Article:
Up till now, our footage of DNA at the Mudd Club was as close as you were going to get to reliving a night at the legendary Tribeca club frequented by Warhol, Haring, Lou Reed, David ByrneLydia Lunch and pretty much everyone else who was anyone in downtown New York between 1978 and 1983. But on Nov. 19, you’ll have a chance to experience something close to it.

“Dr. Mudd” himself, Steve Mass, is putting together a “rummage sale” of items donated by Sting, Nan Goldin, Cindy Sherman, and others who frequented his club. The glamorous garage sale will go down at The Roxy Hotel, just a few blocks from where a plaque marks the club’s original location at 77 White Street.

The event’s host committee is star-studded, to say the least. On it are former doorkeepers Richard Boch (who shared some Mudd Club stories with us a couple of years ago), Robert Molnar (now a designer and stylist) and Debi Mazar (now an actress); Eric Goode, who did the club’s design before moving on to Area; Kim Hastreiter and David Hershkovitz, who covered the club for the Soho News before they founded Paper; and Kim Gordon of Sonic Youth, who once described the Mudd Club as a place where “people really intermingled and you could be this weird noise band playing before people who had no idea what they were listening to, but they were there because that club was cool.” In addition to the old-timers, the hosts also include some relative newbs who’ve kept the freewheeling, sexy, creative spirit of the club alive today, including Lola Montes Schnabel and the design collective threeASFOUR.

In the early 2000s, Mass moved to Berlin, where he opened and later sold another iteration of Mudd Club. He came up with the idea for the fundraiser while he was back in New York, staying in Tribeca. Having it be a benefit for the Bowery Mission made sense, since, in the days of Mudd Club and Pearl Paint, Tribeca wasn’t so distinct from the Lower East Side. “If you were on Canal, there was all this interaction between the Lower East Side and the artists who lived in Tribeca— you could run into all sorts of people who were cross-pollinating the two areas,” Mass said. He noted that East Village poets like Allen Ginbserg and William Burroughs read at Mudd. “We just didn’t think of it as Tribeca, the way it was today – the most expensive zip club in the world.”

At $200 [Update: tickets are now $100, including food and drink, until Wednesday at 3 p.m.], tickets aren’t exactly priced for starving artists—but remember that proceeds go to the Bowery Mission Women’s Center, which will be keeping actual starving people clothed and warm this winter. And Mass assures us that, rather than being a Sotheby’s-style auction, the rummage sale will be “like we had it in the old days,” with $50 dollar trinkets casually laid out next to more expensive items. “If Marc Jacobs donates a dress from that period and it’s $4,000 or $5,000, it might be next to a pair of shoes of someone who lost them in the Mudd Club in 1980.”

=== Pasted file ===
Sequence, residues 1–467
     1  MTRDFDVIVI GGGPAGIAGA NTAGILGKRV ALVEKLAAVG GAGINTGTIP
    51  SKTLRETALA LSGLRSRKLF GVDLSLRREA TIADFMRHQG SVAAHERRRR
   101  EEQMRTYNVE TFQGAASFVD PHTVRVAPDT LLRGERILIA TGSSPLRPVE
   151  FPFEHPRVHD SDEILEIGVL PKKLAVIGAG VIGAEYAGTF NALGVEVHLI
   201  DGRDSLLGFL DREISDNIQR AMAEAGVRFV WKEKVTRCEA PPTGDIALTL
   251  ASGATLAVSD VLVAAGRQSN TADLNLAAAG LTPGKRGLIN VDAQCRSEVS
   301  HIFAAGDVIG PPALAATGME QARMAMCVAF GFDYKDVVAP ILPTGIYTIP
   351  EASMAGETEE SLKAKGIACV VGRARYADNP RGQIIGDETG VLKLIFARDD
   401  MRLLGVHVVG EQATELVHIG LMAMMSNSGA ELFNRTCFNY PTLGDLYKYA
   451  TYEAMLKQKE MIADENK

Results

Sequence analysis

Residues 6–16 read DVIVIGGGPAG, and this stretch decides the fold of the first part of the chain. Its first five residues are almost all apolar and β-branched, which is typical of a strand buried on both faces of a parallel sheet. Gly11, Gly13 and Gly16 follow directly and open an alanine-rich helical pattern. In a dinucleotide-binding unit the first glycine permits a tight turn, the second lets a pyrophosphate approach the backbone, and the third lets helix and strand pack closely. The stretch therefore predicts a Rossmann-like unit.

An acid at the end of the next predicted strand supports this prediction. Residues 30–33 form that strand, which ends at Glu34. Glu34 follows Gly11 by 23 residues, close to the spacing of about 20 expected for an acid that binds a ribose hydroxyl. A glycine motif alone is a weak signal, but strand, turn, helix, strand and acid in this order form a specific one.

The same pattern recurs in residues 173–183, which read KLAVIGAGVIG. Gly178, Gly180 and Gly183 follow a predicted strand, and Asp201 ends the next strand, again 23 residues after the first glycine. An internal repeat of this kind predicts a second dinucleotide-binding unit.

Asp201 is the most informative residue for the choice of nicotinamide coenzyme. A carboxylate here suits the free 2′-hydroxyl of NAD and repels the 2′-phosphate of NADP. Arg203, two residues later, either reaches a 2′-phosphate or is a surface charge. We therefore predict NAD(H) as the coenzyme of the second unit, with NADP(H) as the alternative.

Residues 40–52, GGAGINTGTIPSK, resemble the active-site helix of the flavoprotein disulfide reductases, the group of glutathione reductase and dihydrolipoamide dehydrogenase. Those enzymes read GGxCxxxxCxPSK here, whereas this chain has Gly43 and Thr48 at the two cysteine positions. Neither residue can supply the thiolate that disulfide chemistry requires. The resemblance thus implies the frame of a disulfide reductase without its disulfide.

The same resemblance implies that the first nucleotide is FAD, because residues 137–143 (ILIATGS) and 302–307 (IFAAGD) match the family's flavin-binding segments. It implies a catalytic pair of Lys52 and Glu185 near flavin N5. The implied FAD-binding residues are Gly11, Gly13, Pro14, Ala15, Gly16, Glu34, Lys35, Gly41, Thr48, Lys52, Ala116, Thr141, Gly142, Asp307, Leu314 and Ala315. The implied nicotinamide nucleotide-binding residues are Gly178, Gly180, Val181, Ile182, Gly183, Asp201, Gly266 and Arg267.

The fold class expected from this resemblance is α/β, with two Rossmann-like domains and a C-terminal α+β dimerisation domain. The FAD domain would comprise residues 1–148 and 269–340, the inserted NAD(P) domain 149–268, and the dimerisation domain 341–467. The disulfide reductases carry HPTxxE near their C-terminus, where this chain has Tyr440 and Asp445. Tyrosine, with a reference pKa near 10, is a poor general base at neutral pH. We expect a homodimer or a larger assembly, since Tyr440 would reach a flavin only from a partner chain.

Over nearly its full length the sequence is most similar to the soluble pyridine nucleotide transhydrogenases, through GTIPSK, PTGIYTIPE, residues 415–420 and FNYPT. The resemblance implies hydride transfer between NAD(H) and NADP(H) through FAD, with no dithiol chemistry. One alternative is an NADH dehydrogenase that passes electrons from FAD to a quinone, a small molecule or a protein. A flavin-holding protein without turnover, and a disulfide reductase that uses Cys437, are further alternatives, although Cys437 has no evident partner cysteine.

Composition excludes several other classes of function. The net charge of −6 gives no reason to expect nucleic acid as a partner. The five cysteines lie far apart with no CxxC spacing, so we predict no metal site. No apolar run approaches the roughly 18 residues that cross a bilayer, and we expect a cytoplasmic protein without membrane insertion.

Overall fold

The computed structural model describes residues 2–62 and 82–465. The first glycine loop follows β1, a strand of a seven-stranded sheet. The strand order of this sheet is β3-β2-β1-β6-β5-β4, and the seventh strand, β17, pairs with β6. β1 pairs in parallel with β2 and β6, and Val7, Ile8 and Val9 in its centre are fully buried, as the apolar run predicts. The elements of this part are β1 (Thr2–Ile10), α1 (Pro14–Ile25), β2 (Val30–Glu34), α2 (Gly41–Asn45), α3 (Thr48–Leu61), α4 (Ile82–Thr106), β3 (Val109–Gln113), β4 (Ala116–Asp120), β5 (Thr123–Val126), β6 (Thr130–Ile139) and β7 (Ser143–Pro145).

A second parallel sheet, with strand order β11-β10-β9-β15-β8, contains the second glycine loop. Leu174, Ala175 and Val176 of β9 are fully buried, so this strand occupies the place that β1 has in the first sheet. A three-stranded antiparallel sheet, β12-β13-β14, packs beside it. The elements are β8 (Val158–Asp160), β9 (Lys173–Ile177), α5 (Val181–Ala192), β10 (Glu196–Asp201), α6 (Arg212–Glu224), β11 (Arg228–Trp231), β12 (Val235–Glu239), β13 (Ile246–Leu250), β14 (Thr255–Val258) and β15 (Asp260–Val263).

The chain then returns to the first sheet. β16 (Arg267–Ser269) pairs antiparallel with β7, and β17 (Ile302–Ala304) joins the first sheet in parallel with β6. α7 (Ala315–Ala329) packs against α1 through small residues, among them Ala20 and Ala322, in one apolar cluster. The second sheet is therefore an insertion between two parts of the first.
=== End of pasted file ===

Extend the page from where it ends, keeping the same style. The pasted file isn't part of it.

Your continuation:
That pastiche, Mass said, was true to the club’s sensibility. “We were merging all these disciplines, which hadn’t been done before in a club,” said Mass, citing the presence of filmmakers like Kathryn Bigelow, writers like Candace Bushnell and Jay McInerney, photographers like Cindy Sherman and Nan Goldin (both of whom are hosts), and fashion designers like Anna Sui (another host) and Marc Jacobs, both of whom had early shows there.

“Basquiat practically lived at the Mudd Club” at certain times, Mass said. It remains to be seen whether any Basquiat work will be on offer. So far, some 50 to 100 items– donated by host committee members like Deborah Harry and others in Mass’s Rolodex– are in the mix, including some items donated by Maripol, who was a stylist for Madonna at the time.

Performances at the Rummage Sale have yet to be announced, but expect some throwback surprises [Update: Performers include Kate Pierson and Pat Irwin of the B-52’s and Lenny Kaye of Patti Smith Group]. DJs will include Paul Sevigny, Glenn O’Brien, and other fixtures (sadly, one expected DJ, Anita Sarko, died last month).

Given that Mass has revived the Mudd Club before, could all of this portend a New York City comeback? Don’t hold your breath. “Because of this [real estate] boom situation and this incredible inflationary explosion,” Mass said, “The only people who can afford to do clubs and get through the bureaucracy of the community board are in hotels, big hotels.”

So enjoy this one-night only affair while it lasts.

Correction: The original version of this post was revised to correct the spelling of Richard Boch’s name.